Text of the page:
Archive for the ‘Neural Networks’ tag
For the final project in Neural Networks (CIS 6050 W11), I decided to cluster blog posts based on the difference between an author’s word choice and the word choice of the entire group of authors.
>>> Attached Course Paper: Kohonen Self-Organizing Maps in Clustering of Blog Authors (pdf) <<<
A self-organizing map (Kohonen SOM) strategy was used. The words chosen to compose a given blog post defined wherein the map it should be placed. The purpose of this project was to figure out what predictive power could be harnessed given the combination of the SOM and each author’s lexicon; i.e. whether or not it is possible to automatically categorize an author’s latest post without the use of any tools besides the above.
Data: Thirteen authors contributing a total of fourteen blogs participated in the study (all data was retrieved on 2011 March 8th). The below table summarizes the origin of the data.
|Author||Posts||Lexicon||Blog Name||Subject Matter|
|Andre Masella||198||7953||MasellaSphere||Synth Bio, Cooking, Engineering|
|Andrew Berry||46||2630||Andrew Berry Development||Drupal, Web Dev, Gadgets|
|Arianne Villa||41||1217||…mrfmr.||Internet Culture, Life|
|Cara Ma||12||854||Cara’s Awesome Blog||Life, Pets, Health|
|Daniela Mihalciuc||211||4454||Citisen of the World†||Travel, Life, Photographs|
|Eddie Ma||161||5960||Ed’s Big Plans||Computing, Academic, Science|
|Jason Ernst||61||3445||Jason’s Computer Science Blog||Computing, Academic|
|John Heil||4||712||Dos Margaritas Por Favor||Science, Music, Photography|
|Lauren Stein||91||4784||The Most Interesting Person||Improv, Happiness, Events|
|Lauren Stein (Cooking)||7||593||The Laurentina Cookbook||Cooking, Humour|
|Liv Monck-Whipp||30||398||omniology||Academic, Biology, Science|
|Matthew Gingerich||98||395||The Majugi Blog||Academic, Synth Bio, Engineering|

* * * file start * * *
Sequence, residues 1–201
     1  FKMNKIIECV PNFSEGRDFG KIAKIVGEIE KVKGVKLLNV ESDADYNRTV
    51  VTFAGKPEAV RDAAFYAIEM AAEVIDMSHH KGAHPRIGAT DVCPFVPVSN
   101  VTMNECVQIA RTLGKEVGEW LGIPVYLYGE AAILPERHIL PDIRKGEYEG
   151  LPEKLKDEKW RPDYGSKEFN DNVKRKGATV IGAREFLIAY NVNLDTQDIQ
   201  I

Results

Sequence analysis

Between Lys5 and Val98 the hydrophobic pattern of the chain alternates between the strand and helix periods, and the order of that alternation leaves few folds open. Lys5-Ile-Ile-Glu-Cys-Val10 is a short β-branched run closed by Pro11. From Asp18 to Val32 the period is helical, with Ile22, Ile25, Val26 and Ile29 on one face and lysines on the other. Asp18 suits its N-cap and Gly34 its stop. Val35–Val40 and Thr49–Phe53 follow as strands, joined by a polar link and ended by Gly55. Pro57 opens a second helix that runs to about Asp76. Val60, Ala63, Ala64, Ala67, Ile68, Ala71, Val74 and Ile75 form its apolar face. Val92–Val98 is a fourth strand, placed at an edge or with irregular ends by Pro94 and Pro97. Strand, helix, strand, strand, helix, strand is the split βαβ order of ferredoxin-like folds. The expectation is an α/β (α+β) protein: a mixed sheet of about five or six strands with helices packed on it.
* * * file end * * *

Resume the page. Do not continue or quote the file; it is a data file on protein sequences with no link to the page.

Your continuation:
|Richard Schwarting||238||7538||Kosmokaryote||Academic, Computing, Linux|
|Tony Thompson||51||2346||Tony Thompson, Geek for Hire||Circuitry, Electronic Craft, Academic|
†Daniela remarks that the spelling of Citisen is intentional.
In order to place the blog posts into a SOM, each post was converted to a bitvector. Each bit is assigned to a specific word, so that the positions of each bit consistently represents the same word from post to post. An on-bit represented the presence of a word while an off-bit represented the absence of a word. Frequently used words like “the” were omitted from the word bit-vector, and seldom used words were also omitted.
Results: The center image (in the collection to the left) is a density map where darker pixels indicates a larger number of posts — this centre map represents all of the posts made by all of the authors pooled together.
Because of the number of posts and the number of authors, I’ve exploded the single SOM image into the remaining fourteen images.
It was found that posts were most often clustered together if they were both by the same author and on the same topic. Clusters containing more than one author generally did not show much agreement about the topic.
Regions of this SOM were dominated by particular authors and topics as below.
|Top Left||Liv||Academic Journals|
|Top Border||Lauren||Human Idiosyncrasies|
|Up & Left of Centre||Daniela||Travel|
|Centre||all||short and misfit posts|
|Just Below Centre||Matthew||Software Projects|
|Bottom Left||Andre||Language Theory|
|Bottom Right||Eddie||Web Development|
Discussion: There are some numerical results to go along with this, but they aren’t terribly exciting — the long and the short of it is that this project should to be repeated. The present work points towards the following two needed improvements.
First, the way the bitvectors were cropped at the beginning and at the end were based on a usage heuristic that doesn’t really conform to information theory. I’d likely take a look at the positional density of all bits to select meaningful words to cluster.